How to hit 16 SEER Efficiency on a 14 SEER Condenser
Dec 13, 2013
How to achieve a Higher Efficiency (SEER) Rating on Cheaper HVAC Equipment. Air Conditioning Loophole?
I’m going to go ahead and dub this the Loophole 16 SEER product OR better yet the poor-man’s (or woman’s) 16 SEER. Put simply there are tricks available to take a 14 SEER rated system to achieve a 16 SEER AHRI system efficiency.
I’ve seen this many times and thought it would be a good idea to have a discussion about it. I’d really love some input from contractors on the topic. Consumers should be aware of this when buying and installing a new high efficiency HVAC system in their home. Namely it is the job of contractors to educate their customers when they are getting several bids where price differences can vary widely though on the surface the equipment looks to be identical. Yet beneath the surface the equipment is very different. Leaving customers puzzled or mad with no roadmap after receiving a “much lower” bid.
This distinctions here are important for consumers and contractors. When it is time for you to replace your HVAC system and you are looking for multiple bids ask for specifics in order to properly compare. Not all are ‘apples to apples’. Not all ’16 SEER’ equipment was created equal.
How is this done?
Measurements of HVAC cooling efficiency is rated in SEER and EER. The higher these number the better. Much like MPGs on your car. SEER stands for Seasonal Energy Efficiency Rating and EER for Energy Efficiency Ratio.
Air Conditioning and Heating equipment manufacturers have figured out that by matching a 14.5 SEER condenser with complimentary products a 16 SEER AHRI rated system can be created. This is most often done by matching the condenser with a variable speed furnace AND a horizontal slab coil (often third party). Has anyone asked how mysteriously third party coils often reach higher efficiencies than manufacturer’s spec…….?
Specific Examples of Loop Hole Equipment
Reaching 16 SEER in this context is based on all variables working together. That is to say, not all 14 SEER condensers can reach 16 SEER efficiencies. This depends on the complimenting products AND the size of the condenser. Many 5 ton condensers cannot hit 16 SEER even with variable speed furnaces and slab coils added.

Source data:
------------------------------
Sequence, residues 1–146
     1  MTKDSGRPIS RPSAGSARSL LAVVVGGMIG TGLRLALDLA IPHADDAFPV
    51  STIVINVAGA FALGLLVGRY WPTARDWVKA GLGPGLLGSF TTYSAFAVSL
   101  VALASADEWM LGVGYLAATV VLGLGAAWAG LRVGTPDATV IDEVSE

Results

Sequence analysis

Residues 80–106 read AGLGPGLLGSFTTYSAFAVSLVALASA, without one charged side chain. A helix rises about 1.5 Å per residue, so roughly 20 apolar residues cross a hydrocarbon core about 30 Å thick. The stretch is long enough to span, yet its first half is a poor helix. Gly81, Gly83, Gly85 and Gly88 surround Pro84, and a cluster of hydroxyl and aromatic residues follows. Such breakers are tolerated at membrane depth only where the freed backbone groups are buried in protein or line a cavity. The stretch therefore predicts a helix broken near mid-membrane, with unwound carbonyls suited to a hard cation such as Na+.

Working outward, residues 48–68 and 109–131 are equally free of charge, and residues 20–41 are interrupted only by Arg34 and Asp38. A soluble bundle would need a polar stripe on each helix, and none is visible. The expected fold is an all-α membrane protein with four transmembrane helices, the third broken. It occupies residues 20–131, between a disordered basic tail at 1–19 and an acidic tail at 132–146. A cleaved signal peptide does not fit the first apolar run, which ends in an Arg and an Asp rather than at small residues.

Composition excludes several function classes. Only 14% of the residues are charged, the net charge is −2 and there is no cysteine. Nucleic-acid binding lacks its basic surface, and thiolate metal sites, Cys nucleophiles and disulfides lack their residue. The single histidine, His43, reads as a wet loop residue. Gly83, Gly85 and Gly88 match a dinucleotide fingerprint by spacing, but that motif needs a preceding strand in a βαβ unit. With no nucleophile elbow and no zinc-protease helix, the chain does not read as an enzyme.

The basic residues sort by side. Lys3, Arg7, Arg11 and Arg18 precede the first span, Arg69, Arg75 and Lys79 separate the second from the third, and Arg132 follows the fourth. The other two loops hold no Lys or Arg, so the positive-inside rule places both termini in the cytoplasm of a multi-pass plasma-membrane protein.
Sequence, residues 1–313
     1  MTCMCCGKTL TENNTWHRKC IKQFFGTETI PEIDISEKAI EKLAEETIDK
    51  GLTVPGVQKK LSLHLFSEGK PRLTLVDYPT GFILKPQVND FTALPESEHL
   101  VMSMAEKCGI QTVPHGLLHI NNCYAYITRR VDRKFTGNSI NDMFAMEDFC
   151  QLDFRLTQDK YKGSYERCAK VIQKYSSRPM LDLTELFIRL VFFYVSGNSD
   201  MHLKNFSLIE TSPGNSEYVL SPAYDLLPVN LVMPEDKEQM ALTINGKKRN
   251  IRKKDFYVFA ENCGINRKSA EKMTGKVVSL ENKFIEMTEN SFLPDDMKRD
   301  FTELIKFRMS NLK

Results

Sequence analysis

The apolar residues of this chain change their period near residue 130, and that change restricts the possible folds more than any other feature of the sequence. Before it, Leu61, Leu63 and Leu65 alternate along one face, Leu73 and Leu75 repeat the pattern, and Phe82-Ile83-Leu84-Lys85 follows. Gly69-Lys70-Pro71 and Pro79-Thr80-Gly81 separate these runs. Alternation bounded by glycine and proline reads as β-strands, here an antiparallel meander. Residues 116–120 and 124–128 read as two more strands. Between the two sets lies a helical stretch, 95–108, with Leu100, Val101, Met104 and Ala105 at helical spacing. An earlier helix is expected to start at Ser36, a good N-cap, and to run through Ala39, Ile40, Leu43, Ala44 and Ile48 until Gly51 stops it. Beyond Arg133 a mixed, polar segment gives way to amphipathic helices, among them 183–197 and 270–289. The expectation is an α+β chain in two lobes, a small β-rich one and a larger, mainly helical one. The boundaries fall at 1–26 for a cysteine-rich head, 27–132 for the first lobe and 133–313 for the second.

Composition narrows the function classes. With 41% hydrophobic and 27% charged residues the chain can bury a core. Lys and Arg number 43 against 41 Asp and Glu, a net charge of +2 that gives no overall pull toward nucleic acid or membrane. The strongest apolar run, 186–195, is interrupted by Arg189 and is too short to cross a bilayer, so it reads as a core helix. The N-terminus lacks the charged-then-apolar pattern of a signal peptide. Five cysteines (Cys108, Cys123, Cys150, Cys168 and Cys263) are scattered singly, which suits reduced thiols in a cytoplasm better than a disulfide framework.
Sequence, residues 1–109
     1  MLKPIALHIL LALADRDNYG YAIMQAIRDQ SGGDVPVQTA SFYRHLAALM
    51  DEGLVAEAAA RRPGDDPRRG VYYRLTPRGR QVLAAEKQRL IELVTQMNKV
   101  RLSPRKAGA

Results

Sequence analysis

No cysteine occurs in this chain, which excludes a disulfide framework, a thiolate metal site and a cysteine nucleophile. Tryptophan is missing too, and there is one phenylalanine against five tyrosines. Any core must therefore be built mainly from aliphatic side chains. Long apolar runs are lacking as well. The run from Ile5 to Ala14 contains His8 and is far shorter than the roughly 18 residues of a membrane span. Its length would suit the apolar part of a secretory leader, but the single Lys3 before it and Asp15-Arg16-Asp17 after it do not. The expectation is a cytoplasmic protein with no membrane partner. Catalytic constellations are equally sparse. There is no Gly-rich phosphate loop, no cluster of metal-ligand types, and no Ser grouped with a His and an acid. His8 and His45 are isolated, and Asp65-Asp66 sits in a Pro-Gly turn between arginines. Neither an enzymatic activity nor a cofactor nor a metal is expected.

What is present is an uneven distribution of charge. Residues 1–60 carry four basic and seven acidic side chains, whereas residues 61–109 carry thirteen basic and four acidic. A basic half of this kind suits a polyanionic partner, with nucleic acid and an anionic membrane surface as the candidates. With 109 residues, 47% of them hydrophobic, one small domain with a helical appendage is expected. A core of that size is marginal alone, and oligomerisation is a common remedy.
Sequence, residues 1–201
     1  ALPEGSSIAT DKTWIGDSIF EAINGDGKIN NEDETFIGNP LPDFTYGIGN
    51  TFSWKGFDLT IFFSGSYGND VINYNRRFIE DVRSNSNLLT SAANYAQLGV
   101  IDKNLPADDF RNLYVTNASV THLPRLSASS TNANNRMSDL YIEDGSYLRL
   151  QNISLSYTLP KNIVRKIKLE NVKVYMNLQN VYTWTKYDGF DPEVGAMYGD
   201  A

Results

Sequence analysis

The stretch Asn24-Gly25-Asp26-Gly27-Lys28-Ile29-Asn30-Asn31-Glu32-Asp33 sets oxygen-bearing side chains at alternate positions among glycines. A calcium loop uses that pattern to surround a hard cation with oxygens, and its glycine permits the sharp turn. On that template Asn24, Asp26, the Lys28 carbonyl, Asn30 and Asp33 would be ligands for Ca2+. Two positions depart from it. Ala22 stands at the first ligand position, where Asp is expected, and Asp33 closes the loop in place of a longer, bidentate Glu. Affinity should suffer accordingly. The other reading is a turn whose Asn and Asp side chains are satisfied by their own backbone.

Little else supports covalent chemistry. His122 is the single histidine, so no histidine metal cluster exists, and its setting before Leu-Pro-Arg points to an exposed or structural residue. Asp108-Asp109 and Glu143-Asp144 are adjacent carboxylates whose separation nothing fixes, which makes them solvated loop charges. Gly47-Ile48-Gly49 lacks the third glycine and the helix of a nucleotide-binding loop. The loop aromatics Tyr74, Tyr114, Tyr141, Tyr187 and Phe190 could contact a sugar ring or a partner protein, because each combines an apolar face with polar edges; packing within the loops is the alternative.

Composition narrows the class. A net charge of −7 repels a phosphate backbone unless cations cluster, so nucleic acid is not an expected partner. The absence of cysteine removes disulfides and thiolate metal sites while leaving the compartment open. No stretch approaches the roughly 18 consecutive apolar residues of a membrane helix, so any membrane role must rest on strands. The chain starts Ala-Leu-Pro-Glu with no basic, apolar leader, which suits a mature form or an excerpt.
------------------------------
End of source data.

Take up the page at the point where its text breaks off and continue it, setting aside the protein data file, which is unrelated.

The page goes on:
Here are some examples of general match ups that reach 16 SEER.
Compared to “true” 16 SEER Prices this typically causes a $750-$2,000 difference in sale price.
How did this type of HVAC equipment even come about?
The Genesis of this movement is probably a product of the tax credits made available in 2009. Remember the Cash for Clunkers campaign where if you bought a more efficient car you could get a tax benefit? There was a similar program for air conditioning. Qualifying systems reaching a minimum efficiency of 16 SEER could get a $1500 tax credit. This was great for many in the HVAC industry. Still, since the economy was depressed not everyone could afford a full priced 16 SEER. They were and are expensive for many consumers. Rising from the customer demand for a mixture of the specific 16 SEER efficiency at a lower price point came the popularity of the 14.5 SEER ac condenser match up where 16 SEER. Sounds perfect right? During this time (and probably since) 16 SEER has become a target for many consumers and contractors. A mindset has been built that if you want a high efficient HVAC system you need to at least purchase 16 SEER. Its not all bad but is a bit arbitrary I think.
So you must ask at this point. What is the problem with this… it sounds like a perfect solution? Low cost and high efficiency.
Why Does this Matter? Is loophole 16 SEER equipment even an issue?
I cannot argue the appeal of getting high efficiency equipment for a lower price but consumers MUST also consider additional variables when buying a new HVAC system. These include: installation quality, equipment/labor warranty, and comfort benefits. Not all air conditioning units are created equal. Some have shorter OR longer manufacturer warranties depending on the equipment purchased. Nor are all HVAC company installers created equal. A large portion of your system’s TRUE efficiency is contingent on the quality of installation. This is where experience and training are key. When buying OR sell an HVAC system, additional questions should be asked to ensure customers are receiving the best quality equipment and installation that will keep them comfortable for the next 10-20 years.